The typical class session in this series starts off with a review of the previous week's music. (We, the twenty students, all practice like aspiring guitar rockstars (folkstars?) all week, of course, unless life happens to get in the way.) We then learn a new song by first listening to a recorded version of it, receiving a handout of the transcription in tablature, then having the instructor demonstrate the tricky parts, measure by measure. We then get a chance to practice together so she can assess our progress and rectify any mistakes we're making.
Last night was anything but typical.
For the first third of the class, we reviewed last week's music, as usual. It took slightly longer than normal since it was arranged as a duet, and some people wanted the chance to play both parts, so we played through it a total of four times. The instructor then put in the CD of this week's song that we were about to learn, and as we listened, she realized she did not have the printouts of the arrangement. "I must have left them at Kinko's down the street!" she exclaimed. While we continued listening to the recording, she dashed to the copy machine in the building where class occurs. Seconds later, she returned and announced that the copier was broken. Of course!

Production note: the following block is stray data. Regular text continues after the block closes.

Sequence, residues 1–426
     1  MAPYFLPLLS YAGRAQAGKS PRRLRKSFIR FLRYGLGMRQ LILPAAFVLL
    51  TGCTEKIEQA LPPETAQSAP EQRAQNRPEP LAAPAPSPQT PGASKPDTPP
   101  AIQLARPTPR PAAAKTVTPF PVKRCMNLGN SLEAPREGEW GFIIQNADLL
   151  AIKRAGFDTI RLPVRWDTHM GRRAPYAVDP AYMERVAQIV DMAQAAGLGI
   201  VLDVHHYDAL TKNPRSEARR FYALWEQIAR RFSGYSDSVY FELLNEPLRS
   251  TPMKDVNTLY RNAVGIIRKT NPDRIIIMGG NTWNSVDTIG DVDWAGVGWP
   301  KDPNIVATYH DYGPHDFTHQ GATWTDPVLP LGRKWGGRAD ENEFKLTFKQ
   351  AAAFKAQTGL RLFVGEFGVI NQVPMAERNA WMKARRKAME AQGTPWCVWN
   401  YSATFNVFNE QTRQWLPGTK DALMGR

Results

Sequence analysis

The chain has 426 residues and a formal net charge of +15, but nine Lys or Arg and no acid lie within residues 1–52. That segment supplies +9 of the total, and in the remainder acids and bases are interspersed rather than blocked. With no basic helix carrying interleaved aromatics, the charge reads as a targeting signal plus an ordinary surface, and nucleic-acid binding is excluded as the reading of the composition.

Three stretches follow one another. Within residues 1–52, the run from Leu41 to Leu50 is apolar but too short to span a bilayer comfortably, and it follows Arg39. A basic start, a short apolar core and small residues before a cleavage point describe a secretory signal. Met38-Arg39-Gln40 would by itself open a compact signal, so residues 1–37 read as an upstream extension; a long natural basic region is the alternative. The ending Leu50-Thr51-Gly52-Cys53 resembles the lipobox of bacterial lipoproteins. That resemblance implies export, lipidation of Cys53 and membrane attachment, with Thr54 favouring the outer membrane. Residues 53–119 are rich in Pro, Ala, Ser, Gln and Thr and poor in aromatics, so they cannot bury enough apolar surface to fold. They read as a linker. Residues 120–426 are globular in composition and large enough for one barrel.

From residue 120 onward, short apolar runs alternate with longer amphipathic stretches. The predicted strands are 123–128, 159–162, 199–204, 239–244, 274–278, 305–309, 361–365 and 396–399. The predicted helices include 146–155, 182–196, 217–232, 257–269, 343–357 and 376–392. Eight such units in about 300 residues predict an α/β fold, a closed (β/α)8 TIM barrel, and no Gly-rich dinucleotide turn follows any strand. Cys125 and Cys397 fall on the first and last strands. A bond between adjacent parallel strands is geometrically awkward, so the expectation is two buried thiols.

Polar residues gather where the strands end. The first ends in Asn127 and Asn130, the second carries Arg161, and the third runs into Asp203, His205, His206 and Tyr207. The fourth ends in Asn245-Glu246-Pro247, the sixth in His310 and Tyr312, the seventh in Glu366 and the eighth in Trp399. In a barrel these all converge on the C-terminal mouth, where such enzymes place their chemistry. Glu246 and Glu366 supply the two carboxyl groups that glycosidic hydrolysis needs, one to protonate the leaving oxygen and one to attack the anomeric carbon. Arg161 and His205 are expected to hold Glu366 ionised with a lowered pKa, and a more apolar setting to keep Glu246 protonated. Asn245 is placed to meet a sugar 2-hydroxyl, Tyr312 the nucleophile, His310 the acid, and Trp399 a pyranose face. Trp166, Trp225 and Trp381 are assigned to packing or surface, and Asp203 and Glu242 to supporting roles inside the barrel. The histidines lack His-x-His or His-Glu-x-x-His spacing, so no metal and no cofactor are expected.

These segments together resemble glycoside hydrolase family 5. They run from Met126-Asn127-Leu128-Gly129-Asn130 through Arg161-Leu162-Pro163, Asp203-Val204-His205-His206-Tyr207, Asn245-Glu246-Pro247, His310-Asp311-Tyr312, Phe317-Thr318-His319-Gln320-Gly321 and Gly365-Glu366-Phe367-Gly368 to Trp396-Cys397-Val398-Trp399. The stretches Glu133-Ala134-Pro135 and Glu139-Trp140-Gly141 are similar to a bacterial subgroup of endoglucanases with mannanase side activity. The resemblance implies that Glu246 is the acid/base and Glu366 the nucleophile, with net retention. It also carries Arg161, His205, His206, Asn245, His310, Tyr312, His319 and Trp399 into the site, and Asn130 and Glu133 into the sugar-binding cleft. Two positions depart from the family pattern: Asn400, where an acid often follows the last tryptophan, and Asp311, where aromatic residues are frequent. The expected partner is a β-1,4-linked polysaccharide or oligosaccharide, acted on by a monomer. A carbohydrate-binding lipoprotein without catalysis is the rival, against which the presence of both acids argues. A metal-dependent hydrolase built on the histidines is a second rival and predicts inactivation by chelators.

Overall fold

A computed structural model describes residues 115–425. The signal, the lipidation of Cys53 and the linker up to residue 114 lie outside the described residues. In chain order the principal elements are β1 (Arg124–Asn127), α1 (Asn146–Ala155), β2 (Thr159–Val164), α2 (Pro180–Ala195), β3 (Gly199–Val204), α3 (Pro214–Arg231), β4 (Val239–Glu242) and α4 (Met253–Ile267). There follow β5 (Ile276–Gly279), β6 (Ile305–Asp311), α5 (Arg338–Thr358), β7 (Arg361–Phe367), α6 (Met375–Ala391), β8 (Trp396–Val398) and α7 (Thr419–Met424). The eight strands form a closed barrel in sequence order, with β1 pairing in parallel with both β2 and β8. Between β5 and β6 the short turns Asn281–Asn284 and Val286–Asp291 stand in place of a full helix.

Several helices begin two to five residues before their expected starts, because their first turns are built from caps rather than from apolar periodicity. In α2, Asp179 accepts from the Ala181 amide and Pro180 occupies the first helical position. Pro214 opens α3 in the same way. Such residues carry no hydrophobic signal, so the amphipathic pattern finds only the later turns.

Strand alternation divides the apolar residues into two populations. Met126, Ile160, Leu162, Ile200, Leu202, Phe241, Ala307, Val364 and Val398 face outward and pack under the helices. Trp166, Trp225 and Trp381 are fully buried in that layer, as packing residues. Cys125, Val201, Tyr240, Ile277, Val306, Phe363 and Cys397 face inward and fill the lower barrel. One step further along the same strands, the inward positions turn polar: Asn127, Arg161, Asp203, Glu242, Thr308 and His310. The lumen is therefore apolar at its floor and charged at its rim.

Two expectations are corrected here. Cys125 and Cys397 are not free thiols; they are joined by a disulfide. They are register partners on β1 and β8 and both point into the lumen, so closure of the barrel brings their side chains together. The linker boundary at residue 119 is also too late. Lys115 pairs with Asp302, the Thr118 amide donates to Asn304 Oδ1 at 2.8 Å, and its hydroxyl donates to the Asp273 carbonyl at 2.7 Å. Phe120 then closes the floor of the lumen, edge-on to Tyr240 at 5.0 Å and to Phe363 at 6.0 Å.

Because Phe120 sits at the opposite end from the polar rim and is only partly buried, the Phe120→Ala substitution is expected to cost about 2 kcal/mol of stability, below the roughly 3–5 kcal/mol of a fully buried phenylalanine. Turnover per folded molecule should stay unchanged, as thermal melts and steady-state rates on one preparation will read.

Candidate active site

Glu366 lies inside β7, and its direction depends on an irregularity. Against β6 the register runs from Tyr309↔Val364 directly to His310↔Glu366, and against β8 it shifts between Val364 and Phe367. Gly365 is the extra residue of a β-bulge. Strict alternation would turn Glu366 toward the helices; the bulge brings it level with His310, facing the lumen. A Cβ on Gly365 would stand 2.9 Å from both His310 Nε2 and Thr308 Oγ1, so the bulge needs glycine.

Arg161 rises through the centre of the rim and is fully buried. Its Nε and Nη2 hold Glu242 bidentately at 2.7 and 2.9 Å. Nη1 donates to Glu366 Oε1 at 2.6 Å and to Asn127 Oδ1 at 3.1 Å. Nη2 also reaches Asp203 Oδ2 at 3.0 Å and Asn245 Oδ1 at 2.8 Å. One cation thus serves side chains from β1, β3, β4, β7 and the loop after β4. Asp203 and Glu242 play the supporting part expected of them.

My stomach lurched. I pictured myself as the instructor and wondered what I would do in that situation. Panic!
Here's how she gracefully handled it:
- Sent someone to Kinko's to search for her original copies and/or to make new ones
- Talked about how she arranges songs by ear
- Played the song for us again, called out chords, and invited us to play along with any strum or finger-picking pattern we wanted [I loved this part because it got me to think about just the chords, not the fancy finger-picking pattern that I usually focus on; it sounded great because everyone played along with a multitude of strums but since they were all on the same chords, it sounded harmonious; there's nothing quite like the sound of twenty guitars playing well together; I knew that even if I didn't nail every single fill when practicing or performing the song, I could still play the chords and sing along and it would sound great!]
Just as she started to teach us the fancy fills by demo-practice (less-than-ideal without having the music to look at), the copies arrived! For the remaining ten minutes, we walked through the music as we usually did.
I left the class feeling inspired not only to practice the song but also to think about how to handle unexpected situations during training sessions.
Anyone have an example of a time your training or class didn't go as planned? Please share in the comments!